IT’S NOT A BAD IDEA to compare your energy use from year to year. It’s a good way to spot differences that might be related to your family’s lifestyle and habits—and to get those under control before your bill is impacted.
A few culprits could rack up the charges without your knowledge. Start with these:
Your appliances are getting older.
That could mean they’re operating less efficiently with each passing year. Replacing a major appliance like a refrigerator or water heater at least every 10 years means you use a more modern model with better energy-saving features.
More electronics in your home.
The more appliances and electronics you collect, the more of them you plug in. If you’re turning them off but not unplugging them, they’re all using small amounts of electricity when they’re not in use. That can add up. Unplug TVs, countertop kitchen appliances and even phone chargers when you’re not using them to cut off the flow of wasted electricity.
Older insulation is less efficient.
Even if your attic was properly insulated when you bought your home, that insulation can diminish as it ages. As you lose insulation, your heating and air conditioning systems have to work harder to keep your home comfortable. Nearly 90 percent of homes are under insulated, according to the North American Insulation Manufacturers Association. Inspect your insulation in the attic, around doors, and windows.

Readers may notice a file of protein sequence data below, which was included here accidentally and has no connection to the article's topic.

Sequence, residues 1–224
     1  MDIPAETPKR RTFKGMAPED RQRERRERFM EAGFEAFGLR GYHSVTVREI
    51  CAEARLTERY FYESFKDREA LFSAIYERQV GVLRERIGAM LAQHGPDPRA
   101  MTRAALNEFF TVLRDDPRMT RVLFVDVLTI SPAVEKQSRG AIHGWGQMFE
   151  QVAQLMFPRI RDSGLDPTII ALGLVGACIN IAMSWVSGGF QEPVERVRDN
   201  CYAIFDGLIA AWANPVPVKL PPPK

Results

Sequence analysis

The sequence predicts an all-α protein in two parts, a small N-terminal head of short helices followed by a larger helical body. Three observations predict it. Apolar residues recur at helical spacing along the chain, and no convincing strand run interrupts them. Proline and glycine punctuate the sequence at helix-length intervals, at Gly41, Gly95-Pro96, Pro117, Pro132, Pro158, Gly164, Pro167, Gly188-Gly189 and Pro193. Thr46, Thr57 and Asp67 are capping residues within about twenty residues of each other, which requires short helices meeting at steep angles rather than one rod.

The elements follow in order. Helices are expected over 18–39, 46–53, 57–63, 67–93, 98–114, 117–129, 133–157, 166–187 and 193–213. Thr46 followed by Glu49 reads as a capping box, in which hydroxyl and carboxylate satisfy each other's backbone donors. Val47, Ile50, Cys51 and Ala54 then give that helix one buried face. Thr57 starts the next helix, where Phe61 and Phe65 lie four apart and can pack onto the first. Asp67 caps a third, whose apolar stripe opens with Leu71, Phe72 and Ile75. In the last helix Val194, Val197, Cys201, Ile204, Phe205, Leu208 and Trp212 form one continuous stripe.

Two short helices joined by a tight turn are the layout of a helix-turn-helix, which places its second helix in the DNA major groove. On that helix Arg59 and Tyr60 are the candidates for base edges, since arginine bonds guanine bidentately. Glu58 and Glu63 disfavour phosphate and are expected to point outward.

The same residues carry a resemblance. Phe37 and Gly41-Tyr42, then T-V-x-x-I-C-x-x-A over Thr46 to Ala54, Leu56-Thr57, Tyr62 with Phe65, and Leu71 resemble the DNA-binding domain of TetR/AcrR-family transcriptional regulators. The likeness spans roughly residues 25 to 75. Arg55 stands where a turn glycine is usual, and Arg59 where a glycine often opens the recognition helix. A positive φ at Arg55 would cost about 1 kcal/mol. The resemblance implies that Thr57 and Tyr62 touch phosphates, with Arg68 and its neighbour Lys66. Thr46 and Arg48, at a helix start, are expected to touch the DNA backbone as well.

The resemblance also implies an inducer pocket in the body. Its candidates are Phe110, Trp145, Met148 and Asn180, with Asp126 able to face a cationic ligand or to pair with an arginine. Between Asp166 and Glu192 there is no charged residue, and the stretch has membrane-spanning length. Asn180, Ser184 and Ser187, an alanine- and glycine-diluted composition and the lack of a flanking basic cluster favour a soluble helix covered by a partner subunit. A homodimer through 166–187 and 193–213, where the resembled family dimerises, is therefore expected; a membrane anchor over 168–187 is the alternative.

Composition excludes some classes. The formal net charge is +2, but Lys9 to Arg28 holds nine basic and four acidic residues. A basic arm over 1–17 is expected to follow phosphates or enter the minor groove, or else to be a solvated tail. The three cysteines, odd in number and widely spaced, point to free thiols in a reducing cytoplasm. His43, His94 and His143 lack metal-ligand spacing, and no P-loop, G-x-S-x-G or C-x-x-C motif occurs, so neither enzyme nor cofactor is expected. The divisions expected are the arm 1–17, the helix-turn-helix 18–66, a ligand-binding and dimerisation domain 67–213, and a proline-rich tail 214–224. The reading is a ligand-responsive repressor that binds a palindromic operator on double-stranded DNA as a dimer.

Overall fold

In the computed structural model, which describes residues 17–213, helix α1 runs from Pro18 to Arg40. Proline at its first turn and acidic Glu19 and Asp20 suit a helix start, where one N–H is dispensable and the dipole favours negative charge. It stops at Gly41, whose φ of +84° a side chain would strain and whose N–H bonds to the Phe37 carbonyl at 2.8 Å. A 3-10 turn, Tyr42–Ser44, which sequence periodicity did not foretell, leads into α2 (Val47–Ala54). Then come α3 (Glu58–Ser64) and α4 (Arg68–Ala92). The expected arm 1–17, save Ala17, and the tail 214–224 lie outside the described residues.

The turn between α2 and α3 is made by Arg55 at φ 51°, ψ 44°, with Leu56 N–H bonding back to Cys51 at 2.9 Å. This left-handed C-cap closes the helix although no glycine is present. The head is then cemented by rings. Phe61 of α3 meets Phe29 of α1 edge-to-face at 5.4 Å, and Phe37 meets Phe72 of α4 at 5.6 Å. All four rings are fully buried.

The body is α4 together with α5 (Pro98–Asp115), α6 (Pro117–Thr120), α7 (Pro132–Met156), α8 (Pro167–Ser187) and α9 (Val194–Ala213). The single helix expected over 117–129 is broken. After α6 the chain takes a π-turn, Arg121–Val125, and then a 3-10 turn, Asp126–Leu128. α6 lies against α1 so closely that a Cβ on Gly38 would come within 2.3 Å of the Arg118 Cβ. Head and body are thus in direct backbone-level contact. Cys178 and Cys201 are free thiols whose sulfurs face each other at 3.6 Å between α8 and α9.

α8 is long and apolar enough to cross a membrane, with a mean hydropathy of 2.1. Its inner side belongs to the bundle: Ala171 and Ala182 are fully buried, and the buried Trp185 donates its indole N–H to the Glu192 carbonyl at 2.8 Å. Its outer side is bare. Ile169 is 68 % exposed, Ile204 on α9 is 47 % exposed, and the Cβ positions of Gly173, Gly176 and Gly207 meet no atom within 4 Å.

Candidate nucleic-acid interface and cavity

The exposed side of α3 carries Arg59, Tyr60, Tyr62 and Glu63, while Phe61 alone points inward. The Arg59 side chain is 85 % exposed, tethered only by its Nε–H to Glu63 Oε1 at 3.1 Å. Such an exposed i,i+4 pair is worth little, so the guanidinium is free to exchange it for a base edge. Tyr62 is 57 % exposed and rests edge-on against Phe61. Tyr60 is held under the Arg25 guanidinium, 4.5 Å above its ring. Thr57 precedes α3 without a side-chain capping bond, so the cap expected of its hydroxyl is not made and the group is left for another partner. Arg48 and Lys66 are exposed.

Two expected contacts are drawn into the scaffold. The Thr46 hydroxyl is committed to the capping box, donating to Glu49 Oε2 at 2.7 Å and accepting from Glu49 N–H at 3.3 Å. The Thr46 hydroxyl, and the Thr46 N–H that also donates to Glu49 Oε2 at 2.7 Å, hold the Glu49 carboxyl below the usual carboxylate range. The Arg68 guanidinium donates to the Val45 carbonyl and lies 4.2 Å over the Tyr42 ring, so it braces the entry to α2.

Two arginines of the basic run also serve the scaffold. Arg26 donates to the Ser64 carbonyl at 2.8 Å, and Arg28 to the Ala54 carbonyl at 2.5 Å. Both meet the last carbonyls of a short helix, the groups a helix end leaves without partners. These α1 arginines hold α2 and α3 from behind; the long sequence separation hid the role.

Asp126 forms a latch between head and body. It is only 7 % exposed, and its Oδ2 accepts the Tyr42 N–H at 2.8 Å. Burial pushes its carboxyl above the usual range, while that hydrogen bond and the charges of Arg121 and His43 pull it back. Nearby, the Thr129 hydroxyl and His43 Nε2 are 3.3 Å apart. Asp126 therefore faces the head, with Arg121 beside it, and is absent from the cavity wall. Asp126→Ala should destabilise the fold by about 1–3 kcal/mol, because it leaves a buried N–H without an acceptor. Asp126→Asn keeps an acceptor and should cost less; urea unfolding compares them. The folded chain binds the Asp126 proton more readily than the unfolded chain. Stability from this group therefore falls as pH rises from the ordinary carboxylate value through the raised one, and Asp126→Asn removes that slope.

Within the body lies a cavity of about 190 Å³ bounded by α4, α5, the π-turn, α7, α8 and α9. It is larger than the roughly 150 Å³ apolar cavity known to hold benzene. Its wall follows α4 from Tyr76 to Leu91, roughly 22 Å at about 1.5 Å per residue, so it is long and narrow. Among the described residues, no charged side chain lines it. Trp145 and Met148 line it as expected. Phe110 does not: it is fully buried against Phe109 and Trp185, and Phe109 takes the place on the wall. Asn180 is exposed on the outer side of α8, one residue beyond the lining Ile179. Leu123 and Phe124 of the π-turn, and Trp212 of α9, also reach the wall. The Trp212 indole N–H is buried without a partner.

You’re not tracking your energy.
Many homes use more energy during winter months and around the holidays. Adding appliances can increase your family’s energy use. Monitoring your energy bills from month to month can flag increases so you can decide how to cut your use elsewhere. To track, analyze and understand how you’re using energy, download the FREE SmartHub app.
Changes in the weather.
If summer is especially hot one year or winter is unusually frigid, your family will rely on its heating and air conditioning system more than usual. Don’t be surprised if your energy bills increase as a result. A tip: Prepare your home to withstand weather changes by caulking around windows and doors, sealing penetrations on the inside of exterior walls where cables and wires enter the home, and replacing old, single-pane windows with efficient double-pane models.